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Jerusalem, Tel Aviv at odds over who pays for future benefits of urban renewal

Municipalities’ appeals committees take opposite views on who foots the bill for extra value on properties in areas zoned for TAMA 38 development

Jerusalem's Rehavia neighborhood. (Shmuel Bar-Am)
Jerusalem's Rehavia neighborhood. (Shmuel Bar-Am)

Israeli homeowners in areas undergoing urban renewal are closely watching recent rulings in Tel Aviv and Jerusalem that leave open the question of the municipality’s right to put a price on the value oof potential extra building rights.

A few weeks ago, Tel Aviv ruled that homeowners in areas zoned for urban renewal should pay an “improvement levy” for the extra value in the possibility of their property being extended and improved (to be paid when the home sells). This improvement would be under the law known as TAMA 38 which allows developers to add floors and units to existing buildings (for which building permits were issued before 1981) while also upgrading the structure.

This week, a Jerusalem appeals committee took the opposite view, ruling that there should be no additional fees for homeowners merely for the possibility of improvement and that the municipality could not impose the levy.

Under TAMA 38, existing homeowners in a given building agree to allow developers to add stories and apartments that they sell for a tidy profit and, in return, deliver an improved building (with a strengthened framework to make it earthquake resistent, and often also with an elevator and/or storage rooms) to existing residents. There are also direct improvements to the existing individual apartments like the addition of a reinforced secure room and balconies.

Although the system was set up to encourage developers to make existing buildings earthquake-resistant, TAMA 38 has become synonymous with adding new apartments to conservation areas with high property values. Once TAMA 38 projects are complete, tax revenues to the municipality increase because there are new apartments to pay local property taxes (arnona), and existing owners whose apartments have been extended through the scheme, pay for the added footprint.

The current uproar is over the theoretical increase in property value in areas where TAMA 38 projects are part of the development framework. The question is over whether a municipality is entitled to place a value on the possibility of future urban renewal, and to request an improvement levy that can amount to hundreds of thousands of shekels if the property changes hands.

A construction site showing a newly renovated section of an apartment building, under the TAMA 38 plan, in the northern Israeli town of Kiryat Bialik, October 24, 2018. (Meir Vaaknin/Flash90)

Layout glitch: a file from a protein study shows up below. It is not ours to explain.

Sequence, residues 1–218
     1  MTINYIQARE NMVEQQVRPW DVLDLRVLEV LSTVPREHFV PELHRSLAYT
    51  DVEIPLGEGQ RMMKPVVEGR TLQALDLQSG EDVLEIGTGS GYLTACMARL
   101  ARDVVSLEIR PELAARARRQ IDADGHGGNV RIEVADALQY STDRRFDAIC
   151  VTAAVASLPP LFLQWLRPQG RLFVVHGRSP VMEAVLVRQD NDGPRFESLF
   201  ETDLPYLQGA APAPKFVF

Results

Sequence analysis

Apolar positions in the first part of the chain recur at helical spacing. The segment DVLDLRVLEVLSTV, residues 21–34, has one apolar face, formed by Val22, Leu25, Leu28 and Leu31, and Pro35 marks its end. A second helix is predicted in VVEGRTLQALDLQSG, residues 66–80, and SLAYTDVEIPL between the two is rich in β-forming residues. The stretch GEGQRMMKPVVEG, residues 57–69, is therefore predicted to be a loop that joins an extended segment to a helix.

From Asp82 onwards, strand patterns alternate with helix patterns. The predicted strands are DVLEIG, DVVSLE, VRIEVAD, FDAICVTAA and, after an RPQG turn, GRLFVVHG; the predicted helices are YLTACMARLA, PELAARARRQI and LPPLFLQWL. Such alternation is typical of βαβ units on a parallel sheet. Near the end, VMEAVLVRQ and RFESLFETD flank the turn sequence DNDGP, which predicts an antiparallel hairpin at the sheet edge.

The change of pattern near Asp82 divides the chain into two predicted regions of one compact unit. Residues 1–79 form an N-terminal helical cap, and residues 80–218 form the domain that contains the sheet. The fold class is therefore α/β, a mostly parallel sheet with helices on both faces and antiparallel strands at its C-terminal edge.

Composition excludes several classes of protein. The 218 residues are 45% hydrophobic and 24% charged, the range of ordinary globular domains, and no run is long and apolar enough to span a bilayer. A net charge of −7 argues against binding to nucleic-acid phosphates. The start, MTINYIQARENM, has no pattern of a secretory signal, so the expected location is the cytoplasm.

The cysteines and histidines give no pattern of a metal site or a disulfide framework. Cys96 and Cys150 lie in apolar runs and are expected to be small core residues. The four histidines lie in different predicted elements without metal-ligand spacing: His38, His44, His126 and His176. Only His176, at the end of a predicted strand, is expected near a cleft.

In other situations, when a homeowner has permission to add space to an existing home, just the value of that extra building right would attract tax as part of the overall sale even if there was no additional building.

The controversy here is that both the Jerusalem and Tel Aviv municipalities have argued that whether or not specific plans exist, an apartment is inherently more valuable if it is zoned in an area designated for urban renewal. Owners, unsurprisingly, feel that in the absence of specific plans for their homes, they are being asked unfairly to pay extra costs (or to pass them on to buyers) if they wish to sell.

In Jerusalem, the focus is on central Rehavia, as well as parts of Kiryat Shmuel, Talbyia, and Shaarei Hesed. TAMA 38 plans were originally agreed in 2015. A group of owners including the former president of the Supreme Court, Aharon Barak, challenged a decision that they should pay an improvement levy, and the court supported them, ruling that it is unreasonable to expect owners to pay the levy, just because of the potential theoretical possibility of future development. The Jerusalem Municipality was ordered by the chairman of the committee to pay the homeowners’ legal costs in bringing the case.

But in Tel Aviv, the other major center for this form of urban renewal, an equivalent appeals body said the improvement tax should be levied. The decision relates specifically to the neighborhood known as the Old North, formally called District 3, running between Ibn Gvirol Street and the sea, north of Bograshov Street and south of  the Yarkon River.

Eclectic architecture on Yehushua Ben Nun street in Tel Aviv’s Old North. (Shmuel Bar-Am)

The committee decided that the urban renewal plans for the area gave certainty to apartment owners that their property could be extended and improved, and therefore increase in value. As a result, it said, it is fair for the municipality to impose improvement levies, reflecting the extra value of the future possibility of being part of a TAMA 38 project.

TAMA 38 is particularly widespread in Jerusalem and Tel Aviv as these cities have few empty plots for new buildings, large areas with historic character and buildings that need to be conserved, along with high values per square meter. Alternatives such as demolition and rebuilding (Pinui Binui) are not always an option.

With soaring property values, TAMA 38 is attractive both to homeowners, who may be able to sell at several times the value of the original property, and to developers, who will sell the additional units at top value.

The Jerusalem decision will deprive the municipality of the extra revenues from the sales of homes in designated TAMA 38 urban renewal areas. The Tel Aviv ruling provides an extra stream of income to the municipality when homes in the Old North change hands.

The uncertainty is likely to lead to further legal action.

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